Danny Kingsley, The Conversation, July 25, 2011
On Wednesday the BBC Trust released their report “Review of impartiality and accuracy of the BBC’s coverage of science”. The report has resulted in the BBC deciding to reflect scientific consensus about climate change in their coverage of the issue.
As a science communicator I applaud this decision. I understand and support the necessity to provide equal voice to political parties during an election campaign (indeed, I have done this, as an election occurred during my two years writing science for the ABC).
But science is not politics. And scientists are not politicians.
Much of the confusion about the climate change debate stems from a deep ignorance among the general population about how science works. And believe me this really is something “science” as an entity needs to address.
But this is where we get stuck.
It is far from accurate to refer to “science” as a single entity (as I just have). Many arguments that dispute the consensus about climate change being the result of man made activity talk about “scientists” as though they are “all in it together” and “supporting each other”.
This implies some grand conspiracy. But science is a competition, not a collusion. If anything they are all against each other.
No given person or research team has the whole picture of climate science. The range of scientific disciplines that work in this area is vast. Indeed there are few areas of science which do not potentially have something to contribute to the area.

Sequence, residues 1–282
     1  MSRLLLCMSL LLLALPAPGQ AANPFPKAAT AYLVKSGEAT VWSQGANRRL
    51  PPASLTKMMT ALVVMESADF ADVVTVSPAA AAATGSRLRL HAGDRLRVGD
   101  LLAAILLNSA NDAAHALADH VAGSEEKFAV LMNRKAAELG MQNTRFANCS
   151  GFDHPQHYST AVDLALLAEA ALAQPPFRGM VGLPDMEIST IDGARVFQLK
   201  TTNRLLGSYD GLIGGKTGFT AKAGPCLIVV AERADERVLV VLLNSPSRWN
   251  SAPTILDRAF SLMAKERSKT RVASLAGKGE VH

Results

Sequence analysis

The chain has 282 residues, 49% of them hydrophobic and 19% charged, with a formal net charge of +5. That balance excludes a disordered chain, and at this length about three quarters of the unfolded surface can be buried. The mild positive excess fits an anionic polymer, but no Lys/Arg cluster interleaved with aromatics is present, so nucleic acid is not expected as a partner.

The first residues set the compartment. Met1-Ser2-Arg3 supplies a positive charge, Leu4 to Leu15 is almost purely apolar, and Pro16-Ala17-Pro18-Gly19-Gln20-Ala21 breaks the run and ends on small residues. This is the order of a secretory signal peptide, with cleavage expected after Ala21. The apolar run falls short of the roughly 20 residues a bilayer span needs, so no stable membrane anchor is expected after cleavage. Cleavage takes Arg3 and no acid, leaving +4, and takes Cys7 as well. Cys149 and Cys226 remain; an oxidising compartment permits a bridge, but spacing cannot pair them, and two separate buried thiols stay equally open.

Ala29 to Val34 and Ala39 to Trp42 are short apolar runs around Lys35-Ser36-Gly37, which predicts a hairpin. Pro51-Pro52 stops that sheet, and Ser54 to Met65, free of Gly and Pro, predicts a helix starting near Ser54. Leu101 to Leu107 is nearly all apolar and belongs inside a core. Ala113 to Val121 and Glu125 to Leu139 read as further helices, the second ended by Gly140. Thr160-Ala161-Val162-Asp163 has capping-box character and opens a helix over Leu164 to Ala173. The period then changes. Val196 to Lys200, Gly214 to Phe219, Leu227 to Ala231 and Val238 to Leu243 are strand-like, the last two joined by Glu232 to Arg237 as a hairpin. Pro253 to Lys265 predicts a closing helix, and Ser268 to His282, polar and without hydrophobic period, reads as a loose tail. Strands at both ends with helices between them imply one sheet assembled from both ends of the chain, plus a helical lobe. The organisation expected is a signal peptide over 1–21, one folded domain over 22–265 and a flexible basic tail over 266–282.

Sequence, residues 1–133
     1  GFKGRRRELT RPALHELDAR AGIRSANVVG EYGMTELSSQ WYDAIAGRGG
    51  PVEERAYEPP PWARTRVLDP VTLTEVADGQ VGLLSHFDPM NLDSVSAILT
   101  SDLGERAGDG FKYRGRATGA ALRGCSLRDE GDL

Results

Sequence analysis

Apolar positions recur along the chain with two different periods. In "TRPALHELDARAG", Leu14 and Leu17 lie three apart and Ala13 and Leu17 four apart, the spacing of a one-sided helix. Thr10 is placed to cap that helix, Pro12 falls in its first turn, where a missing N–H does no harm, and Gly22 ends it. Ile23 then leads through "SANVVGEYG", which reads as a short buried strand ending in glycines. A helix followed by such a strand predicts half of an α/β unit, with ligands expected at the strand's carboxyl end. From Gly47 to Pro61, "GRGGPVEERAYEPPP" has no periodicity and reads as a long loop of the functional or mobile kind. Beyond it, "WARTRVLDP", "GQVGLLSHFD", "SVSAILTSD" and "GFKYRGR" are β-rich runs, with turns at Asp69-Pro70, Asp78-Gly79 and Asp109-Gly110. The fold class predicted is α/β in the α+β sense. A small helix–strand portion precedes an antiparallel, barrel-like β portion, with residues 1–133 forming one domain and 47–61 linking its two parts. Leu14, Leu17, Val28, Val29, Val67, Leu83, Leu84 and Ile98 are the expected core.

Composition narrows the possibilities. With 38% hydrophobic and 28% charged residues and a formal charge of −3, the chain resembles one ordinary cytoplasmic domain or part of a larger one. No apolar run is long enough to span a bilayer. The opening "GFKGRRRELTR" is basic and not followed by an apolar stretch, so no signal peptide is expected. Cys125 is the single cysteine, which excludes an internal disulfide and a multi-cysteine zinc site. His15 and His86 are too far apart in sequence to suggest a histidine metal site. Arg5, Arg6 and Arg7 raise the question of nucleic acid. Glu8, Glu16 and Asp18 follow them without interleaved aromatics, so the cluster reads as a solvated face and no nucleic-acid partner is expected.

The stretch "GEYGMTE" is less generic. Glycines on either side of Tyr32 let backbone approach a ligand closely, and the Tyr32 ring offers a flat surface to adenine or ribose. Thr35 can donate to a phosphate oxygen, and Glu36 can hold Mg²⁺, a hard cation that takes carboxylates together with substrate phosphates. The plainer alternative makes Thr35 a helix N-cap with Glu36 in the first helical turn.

But put a geologist and a geneticist in a room together and they can barely speak the same language. Far from some great conspiracy, the fact that the Intergovernmental Panel on Climate Change has come to a consensus about climate change is truly extraordinary.
The one uniting aspect of all scientists is that they use the same verification system for work – ensuring other researchers who are experts in that particular field have checked the work.
If work is poorly done, presents false results or does not add significantly to the body of knowledge it simply does not get published. The rejection rate of biomedical papers submitted to Nature for publication is more than 95%. This process is called peer review.
So why when reporting a scientific finding relating to climate change would we equally value the opinion of another person who may be an expert in economics (as they often seem to be), or a politician with no scientific background?
The BBC Trust report did not say the voice of scientific institutions should be taken at face value – far from it. It stated that the BBC had “an over-reliance on a narrow range of external information sources”.
The analysis of two years of reports found three quarters of the broadcast news items about scientific research related to stories where the institution was the source.
So the report is recommending that journalists do what they should always have done – investigate and verify.
By all means ask another expert’s point of view, determine whether the latest finding is in fact good science or what its implications are.
But we need to move away from the idea of “balance” between those who believe it is all a big conspiracy and those who have done some work and looked at the actual evidence.
The report concludes that in particular the BBC must take special care to continue efforts to ensure viewers are able to distinguish well-established fact from opinion on scientific issues, and to communicate this distinction clearly to the audience. In other words, to remember that the plural of anecdote is not data.
Australian media, are you listening?